(or Kao Chin Su Mei)
Linked with human rights and fundamental freedoms of indigenous peoples – one, with human rights and fundamental freedoms of indigenous peoples – two, with Indigenous Webs for Information, with Mouvements indigènes, entre néolibéralisme et gouvernements de gauche, with Promoting the Rights, Voices and Visions of Indigenous Peoples, and with Texts about Indigenous Peoples and Human Rights.
She is one of the 1000 women proposed fort the Nobel Peace Price 2005.
She says: “The long history of unfair resources distribution and disrespect for cultural diversity has made aborigines lose sight of who they really are and what their future will be.”.
Kao Chin Su Mei – Taiwan
Kao Chin Su Mei (40) is a legislator who fights for the rights of aboriginals of Taiwan and Lanyu Islands. She is a member of the Legislative Yuan (Taiwan’s parliament) and has reactivated aborigine’s rights movements, silent for years. In 2004, Kao Chin consolidated the effort of aboriginal representatives in the Legislative Yuan to pass the Basic Law for Aboriginals. (Read this on 1000peacewomen).
… Kao Chin led a group of Taiwanese plaintiffs in a lawsuit in which the Osaka High Court ruled in September last year that the prime minister’s visits to Yasukuni Shrine constitute a violation of Article 20 of the Constitution that provides for the separation of religion and state … (Read all on Mainichi Interactive, August 14, 2006).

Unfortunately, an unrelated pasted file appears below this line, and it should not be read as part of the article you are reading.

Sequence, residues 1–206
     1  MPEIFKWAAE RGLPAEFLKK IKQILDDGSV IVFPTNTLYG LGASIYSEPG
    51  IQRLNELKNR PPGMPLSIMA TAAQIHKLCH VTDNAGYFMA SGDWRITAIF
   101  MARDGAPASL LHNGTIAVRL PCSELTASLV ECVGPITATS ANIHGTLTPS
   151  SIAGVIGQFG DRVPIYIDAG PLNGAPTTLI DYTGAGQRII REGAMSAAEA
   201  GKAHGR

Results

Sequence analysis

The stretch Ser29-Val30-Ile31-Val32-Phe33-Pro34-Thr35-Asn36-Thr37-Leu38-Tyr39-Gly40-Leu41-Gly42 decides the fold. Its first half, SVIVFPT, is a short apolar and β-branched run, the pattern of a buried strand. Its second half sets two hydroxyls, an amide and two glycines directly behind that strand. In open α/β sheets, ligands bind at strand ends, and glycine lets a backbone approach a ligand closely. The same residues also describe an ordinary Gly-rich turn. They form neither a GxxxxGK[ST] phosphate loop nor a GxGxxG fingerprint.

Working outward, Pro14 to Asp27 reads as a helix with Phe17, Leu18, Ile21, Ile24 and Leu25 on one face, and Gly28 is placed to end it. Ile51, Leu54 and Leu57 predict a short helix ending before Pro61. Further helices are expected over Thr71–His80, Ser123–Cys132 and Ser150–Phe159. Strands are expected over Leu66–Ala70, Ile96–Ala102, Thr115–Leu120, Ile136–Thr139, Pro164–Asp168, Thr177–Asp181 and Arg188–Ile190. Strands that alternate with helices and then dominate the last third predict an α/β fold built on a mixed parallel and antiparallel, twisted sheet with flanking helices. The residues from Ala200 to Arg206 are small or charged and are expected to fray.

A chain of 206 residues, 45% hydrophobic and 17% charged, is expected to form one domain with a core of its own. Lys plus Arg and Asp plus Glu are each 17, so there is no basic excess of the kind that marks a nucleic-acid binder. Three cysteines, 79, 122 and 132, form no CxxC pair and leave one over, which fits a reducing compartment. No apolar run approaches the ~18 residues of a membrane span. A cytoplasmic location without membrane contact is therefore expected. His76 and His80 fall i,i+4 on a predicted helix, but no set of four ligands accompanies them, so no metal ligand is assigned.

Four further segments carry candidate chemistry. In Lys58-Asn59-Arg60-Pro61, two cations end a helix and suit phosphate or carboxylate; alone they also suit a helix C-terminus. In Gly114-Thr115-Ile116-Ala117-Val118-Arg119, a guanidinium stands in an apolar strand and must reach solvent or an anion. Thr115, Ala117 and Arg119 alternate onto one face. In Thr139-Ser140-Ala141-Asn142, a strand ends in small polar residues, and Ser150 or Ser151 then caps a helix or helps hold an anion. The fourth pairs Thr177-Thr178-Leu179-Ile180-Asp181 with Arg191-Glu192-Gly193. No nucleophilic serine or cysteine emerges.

She is understood as a right-wing nationalist.
… A group of Taiwanese aborigines will launch a lawsuit and a series of protests in Japan to demand that the names of Taiwanese soldiers listed at a controversial Tokyo war shrine be removed, organizers said Wednesday. Aboriginal lawmaker Kao-Chin Su-Mei, who organized the event, will leave on Thursday with four others to file a suit seeking the removal of the names of their compatriots from Tokyo’s Yasukuni shrine, said Lin Yi-jun, one of her aides … The island’s indigenous people suffered bitterly during the Japanese colonial period, with many aboriginal men being forced to join the military. Some 28,000 Taiwanese names — about 10,000 of them tribesmen forced to join the Japanese military — are listed at the shrine dedicated to 2.5 million war dead … (Read all on The China Post, Taiwan, August 10, 2006).
The protesters, many descended from Aborigines who had suffered during Japan’s 50-year colonial rule, scuffled with security guards surrounding the lawmakers but no one was seriously injured. They also burnt a Japanese imperial flag … (Read the Peninsula, 4/6/2005).
Bio: Name: Mrs. Kao Chin, Su-Mei, Party:no, Party organization:no, Electoral District: Aboriginals District, e-mail, Date of commencement:2005/02/01
Former activities by Kao Chin Su Mei:
The english People’s Daily Online, June 20, 2005;
Ups and Downs in Taiwan: about the struggle between Japan an the Taiwan Arborigine’s protests concerning their soldiers;
Getting it wrong at Yasukuni, August 17, 2006, a controversial opinion to our Peacewomen.